"Buenos dias", "buenas noches" -- this was the first words in a foreign language I heard in my life, as a three-year old boy growing up in developing post-war Western Germany, where the first gastarbeiters had arrived from Spain. Fascinated by the strange sounds, I tried to get to know some more languages, the only opportunity being TV courses of English and French -- there was no foreign language education for pre-teen school children in Germany yet in those days. Read more
To find some answers Tim Machan explores the language's present and past, and looks ahead to its futures among the one and a half billion people who speak it. His search is fascinating and important, for definitions of English have influenced education and law in many countries and helped shape the identities of those who live in them.
This volume provides a new perspective on the evolution of the special language of medicine, based on the electronic corpus of Early Modern English Medical Texts, containing over two million words of medical writing from 1500 to 1700.
The Effects of Bilingualism on Children’s Perception of Speech Sounds
This thesis investigates whether bilingualism affects children’s perceptual
acquisition of the speech sounds of their native languages. The term
bilingual is used here as synonymous with simultaneously bilingual, i.e.
those speakers of (typically) two languages who have been exposed to both
languages from birth.
This study takes an experimental approach. Bilingual and monolingual
children and adults participated on a longitudinal study in which their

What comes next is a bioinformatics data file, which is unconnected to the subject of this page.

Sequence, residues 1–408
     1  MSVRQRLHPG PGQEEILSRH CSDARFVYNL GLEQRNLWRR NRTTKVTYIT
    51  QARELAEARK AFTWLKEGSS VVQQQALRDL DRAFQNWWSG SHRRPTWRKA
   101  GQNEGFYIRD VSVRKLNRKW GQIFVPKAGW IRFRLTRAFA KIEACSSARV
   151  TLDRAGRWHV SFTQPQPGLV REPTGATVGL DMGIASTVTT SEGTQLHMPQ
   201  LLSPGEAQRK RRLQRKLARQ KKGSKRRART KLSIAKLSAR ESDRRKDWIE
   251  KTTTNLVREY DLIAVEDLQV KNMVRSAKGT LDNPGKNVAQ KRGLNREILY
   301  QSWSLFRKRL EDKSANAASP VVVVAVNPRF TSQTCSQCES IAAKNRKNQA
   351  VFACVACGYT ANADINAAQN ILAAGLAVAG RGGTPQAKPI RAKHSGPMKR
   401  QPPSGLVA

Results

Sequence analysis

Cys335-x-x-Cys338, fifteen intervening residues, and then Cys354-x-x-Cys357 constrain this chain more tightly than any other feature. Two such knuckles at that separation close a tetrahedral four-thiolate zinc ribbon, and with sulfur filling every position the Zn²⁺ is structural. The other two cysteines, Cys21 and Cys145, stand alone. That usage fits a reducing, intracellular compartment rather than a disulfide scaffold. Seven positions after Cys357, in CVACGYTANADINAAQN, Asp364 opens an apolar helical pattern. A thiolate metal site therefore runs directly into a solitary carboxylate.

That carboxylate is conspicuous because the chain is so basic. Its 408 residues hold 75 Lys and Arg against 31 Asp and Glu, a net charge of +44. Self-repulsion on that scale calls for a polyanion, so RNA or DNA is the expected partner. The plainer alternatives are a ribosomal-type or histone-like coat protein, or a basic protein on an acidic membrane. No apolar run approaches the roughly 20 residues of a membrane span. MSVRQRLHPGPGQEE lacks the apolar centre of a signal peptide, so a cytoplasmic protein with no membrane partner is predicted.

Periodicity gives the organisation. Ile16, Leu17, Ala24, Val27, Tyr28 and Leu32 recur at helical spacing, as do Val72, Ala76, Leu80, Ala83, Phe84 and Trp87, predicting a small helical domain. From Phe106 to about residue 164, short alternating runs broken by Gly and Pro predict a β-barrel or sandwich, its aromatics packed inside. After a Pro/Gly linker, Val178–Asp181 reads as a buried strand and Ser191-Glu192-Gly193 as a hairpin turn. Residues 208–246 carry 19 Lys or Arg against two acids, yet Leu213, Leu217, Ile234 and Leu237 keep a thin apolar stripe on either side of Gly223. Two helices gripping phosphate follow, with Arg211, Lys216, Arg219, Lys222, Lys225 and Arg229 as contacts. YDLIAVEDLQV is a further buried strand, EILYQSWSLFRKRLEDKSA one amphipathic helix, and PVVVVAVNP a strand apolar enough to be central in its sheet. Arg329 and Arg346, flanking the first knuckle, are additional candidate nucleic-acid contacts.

perception of a Dutch vowel contrast was tested. Participants’ responses
were analysed in terms of cue reliance, i.e. how much they rely on
different acoustic cues in their perception of a speech contrast. The
results discussed here suggest that, although at a certain point in their
development bilingual and monolingual children have identical perceptual
behaviour, they differ in their developmental paths. This finding is in
line with the main literature on bilingual perceptual development. However,
the findings in this study are unusual in how this difference takes places.
Although patterns of bilingual delay and acceleration have both been
previously attested, the bilingual learners in the current study show both
patterns simultaneously, regarding different acoustic properties on the
perception of the same contrast. This thesis claims that the difference
found between bilingual and monolingual children is the consequence of two
factors: (i) the nature of the language input to the learner, and (ii) the
interaction between the bilinguals’ linguistic systems. The study presented
in this dissertation is of interest to researchers working on bilingualism,
language development and speech perception in general.